Another series that Sherman did in colour was the Pink Robe Series. The photographs in this series have a sense of mystery, in that she’s using a robe to cover parts of her up and we aren’t given much information, unlike her other works. This series got a lot of criticism for showing too much vulnerability but when you look closer at the images you see that the woman is holding her own power – she is the one choosing how much is seen, she is looking straight at the camera therefore aware and in control, and using the shadows to her advantage, also the expression on her face is quite strong willed. The Pink Robe series was inspired also by the centrefold idea but is vertical instead of horizontal.



Throughout my time at university I had no idea what I wanted to explore in my dissertation, until the time came that I had to start my research. The first thought that came into my mind was ‘Art Therapy’.

The issue regarding wanting to write about art therapy was it meant a lot of research so that I could learn about the aspects involved in therapy. I started off by reading a number of books that I found in the university library, but also I ended up buying some of my own. I found it quite difficult to find the books I required because I didn’t know how to start and what direction to go in or even what I needed to know. The first book I found in the Library was The Handbook of Art Therapy. This was incredibly helpful to give me an idea of what I needed to learn more about. As well as this book I wanted to research psychologists such as Jung so that I could get a full grasp of the role of the art therapist.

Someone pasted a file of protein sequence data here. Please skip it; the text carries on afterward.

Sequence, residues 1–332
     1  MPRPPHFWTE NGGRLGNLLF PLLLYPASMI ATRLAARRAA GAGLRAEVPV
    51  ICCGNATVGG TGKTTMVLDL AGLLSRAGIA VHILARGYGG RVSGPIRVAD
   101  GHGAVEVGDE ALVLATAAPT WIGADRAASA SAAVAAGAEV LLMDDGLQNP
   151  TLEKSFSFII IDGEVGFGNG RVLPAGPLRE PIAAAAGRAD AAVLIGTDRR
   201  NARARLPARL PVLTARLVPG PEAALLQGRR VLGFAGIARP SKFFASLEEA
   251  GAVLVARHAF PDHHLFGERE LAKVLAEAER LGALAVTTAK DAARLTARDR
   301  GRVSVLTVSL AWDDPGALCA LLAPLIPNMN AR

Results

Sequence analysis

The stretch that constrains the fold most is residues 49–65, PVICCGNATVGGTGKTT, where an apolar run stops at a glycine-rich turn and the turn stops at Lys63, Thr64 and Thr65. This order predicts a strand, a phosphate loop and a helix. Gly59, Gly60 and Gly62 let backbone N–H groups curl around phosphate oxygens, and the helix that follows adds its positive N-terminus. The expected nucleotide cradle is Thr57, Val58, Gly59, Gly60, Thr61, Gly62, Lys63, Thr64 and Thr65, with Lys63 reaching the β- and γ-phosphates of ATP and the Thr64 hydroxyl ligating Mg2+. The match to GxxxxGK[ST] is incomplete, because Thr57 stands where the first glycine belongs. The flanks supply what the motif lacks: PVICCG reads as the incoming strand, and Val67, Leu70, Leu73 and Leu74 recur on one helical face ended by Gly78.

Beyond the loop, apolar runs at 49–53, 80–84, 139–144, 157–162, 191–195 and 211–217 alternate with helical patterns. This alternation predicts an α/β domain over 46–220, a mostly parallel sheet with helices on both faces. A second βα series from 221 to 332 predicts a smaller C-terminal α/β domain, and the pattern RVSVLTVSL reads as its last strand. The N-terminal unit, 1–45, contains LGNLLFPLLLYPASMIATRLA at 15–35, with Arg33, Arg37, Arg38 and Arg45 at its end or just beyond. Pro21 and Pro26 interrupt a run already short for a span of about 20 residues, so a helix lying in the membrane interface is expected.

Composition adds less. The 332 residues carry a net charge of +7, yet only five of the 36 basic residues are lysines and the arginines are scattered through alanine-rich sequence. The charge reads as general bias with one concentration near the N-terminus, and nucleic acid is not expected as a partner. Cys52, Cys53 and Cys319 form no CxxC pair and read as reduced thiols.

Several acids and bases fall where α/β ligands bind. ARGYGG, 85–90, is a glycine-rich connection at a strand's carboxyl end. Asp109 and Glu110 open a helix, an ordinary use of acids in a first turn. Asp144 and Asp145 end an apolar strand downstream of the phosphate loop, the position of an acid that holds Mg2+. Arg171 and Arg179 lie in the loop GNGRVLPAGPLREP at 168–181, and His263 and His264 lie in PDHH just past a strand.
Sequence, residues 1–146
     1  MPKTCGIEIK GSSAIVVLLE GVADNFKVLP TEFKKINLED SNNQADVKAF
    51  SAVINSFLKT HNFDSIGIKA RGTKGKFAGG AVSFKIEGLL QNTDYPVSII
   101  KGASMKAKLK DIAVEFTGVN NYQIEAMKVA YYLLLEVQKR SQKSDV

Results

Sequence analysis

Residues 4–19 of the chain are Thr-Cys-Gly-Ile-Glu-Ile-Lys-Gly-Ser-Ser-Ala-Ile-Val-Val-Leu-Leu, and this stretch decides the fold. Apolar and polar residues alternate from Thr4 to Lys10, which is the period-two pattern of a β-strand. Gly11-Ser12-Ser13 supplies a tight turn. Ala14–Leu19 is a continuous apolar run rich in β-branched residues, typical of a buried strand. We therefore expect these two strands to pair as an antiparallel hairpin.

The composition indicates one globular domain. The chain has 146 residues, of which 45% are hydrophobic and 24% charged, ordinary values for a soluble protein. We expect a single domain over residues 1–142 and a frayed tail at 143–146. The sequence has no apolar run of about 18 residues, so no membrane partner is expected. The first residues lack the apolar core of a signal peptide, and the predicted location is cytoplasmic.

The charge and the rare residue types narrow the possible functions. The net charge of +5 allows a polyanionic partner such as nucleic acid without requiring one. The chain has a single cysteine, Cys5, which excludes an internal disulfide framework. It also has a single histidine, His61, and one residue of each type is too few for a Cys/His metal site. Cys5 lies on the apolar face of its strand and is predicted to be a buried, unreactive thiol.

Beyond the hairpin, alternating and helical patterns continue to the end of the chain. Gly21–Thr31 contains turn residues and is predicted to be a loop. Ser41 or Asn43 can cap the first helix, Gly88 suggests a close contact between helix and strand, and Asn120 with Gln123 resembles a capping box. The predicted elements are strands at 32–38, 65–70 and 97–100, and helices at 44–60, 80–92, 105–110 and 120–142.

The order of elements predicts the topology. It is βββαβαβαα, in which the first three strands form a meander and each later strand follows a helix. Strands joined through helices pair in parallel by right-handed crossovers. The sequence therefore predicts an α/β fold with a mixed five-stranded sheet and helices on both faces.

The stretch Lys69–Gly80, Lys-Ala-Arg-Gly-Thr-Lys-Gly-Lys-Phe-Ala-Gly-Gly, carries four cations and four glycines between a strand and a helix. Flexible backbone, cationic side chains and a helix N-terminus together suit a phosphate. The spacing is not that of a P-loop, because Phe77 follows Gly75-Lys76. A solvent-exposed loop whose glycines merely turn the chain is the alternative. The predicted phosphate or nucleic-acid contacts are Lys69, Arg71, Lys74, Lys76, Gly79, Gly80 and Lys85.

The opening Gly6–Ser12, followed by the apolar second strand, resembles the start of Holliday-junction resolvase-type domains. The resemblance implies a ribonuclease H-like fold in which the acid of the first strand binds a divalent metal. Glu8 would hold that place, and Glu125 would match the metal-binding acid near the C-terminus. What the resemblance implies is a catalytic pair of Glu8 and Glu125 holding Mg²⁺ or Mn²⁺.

During my early research into art therapy, I discovered an interesting fact about Outsider Art. I read about how the art work of mental patients led to a diagnosis of their mental states. Thus, the art work was used as a way of analysing the mind- a start of using art in terms of the person’s unconscious in a medical way. This was a particular interest to me because one of the first books I borrowed from the library in my first year was the book I borrowed again for further research; Outsider Art Raw Creation. It appeared that I had been gravitating towards art that has therapeutic links my whole time at university without being aware.

As part of my field projects, I studied ‘Art and the Conscious Mind’ and this affected my thought processes and ultimately my own practice. This project informed me about perceptions, how the physical world is seen in our mental world, and how complex our consciousness is. Within this project, I had a seminar about mindfulness which was interactive and enlightening. This seminar opened my eyes to realise how important being mindful is to our practice and how we make decisions, perceive and live. This whole project made me consider more areas of the art work I was creating; in my work I wanted to express the idea of consciousness and how there’s so much more to an art piece and to a person than meets the eye. Whilst creating work alongside this field project, I felt more awake to what I was creating and I was able to read into my work on a more personal level. This meant I was discovering parts of myself in my work that I didn’t realise I was expressing